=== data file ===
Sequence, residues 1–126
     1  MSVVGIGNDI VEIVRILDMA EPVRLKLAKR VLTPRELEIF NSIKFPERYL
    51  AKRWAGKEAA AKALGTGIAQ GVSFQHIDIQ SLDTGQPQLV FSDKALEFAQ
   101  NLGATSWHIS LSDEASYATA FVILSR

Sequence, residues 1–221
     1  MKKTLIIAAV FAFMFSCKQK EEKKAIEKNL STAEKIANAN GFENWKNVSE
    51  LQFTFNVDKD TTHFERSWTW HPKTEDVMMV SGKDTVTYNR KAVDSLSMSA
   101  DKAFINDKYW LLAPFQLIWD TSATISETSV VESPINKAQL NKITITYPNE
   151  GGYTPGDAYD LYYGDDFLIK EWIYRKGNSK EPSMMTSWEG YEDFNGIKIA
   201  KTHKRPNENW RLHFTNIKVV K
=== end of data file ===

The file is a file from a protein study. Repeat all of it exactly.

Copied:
Sequence, residues 1–126
     1  MSVVGIGNDI VEIVRILDMA EPVRLKLAKR VLTPRELEIF NSIKFPERYL
    51  AKRWAGKEAA AKALGTGIAQ GVSFQHIDIQ SLDTGQPQLV FSDKALEFAQ
   101  NLGATSWHIS LSDEASYATA FVILSR

Sequence, residues 1–221
     1  MKKTLIIAAV FAFMFSCKQK EEKKAIEKNL STAEKIANAN GFENWKNVSE
    51  LQFTFNVDKD TTHFERSWTW HPKTEDVMMV SGKDTVTYNR KAVDSLSMSA
   101  DKAFINDKYW LLAPFQLIWD TSATISETSV VESPINKAQL NKITITYPNE
   151  GGYTPGDAYD LYYGDDFLIK EWIYRKGNSK EPSMMTSWEG YEDFNGIKIA
   201  KTHKRPNENW RLHFTNIKVV K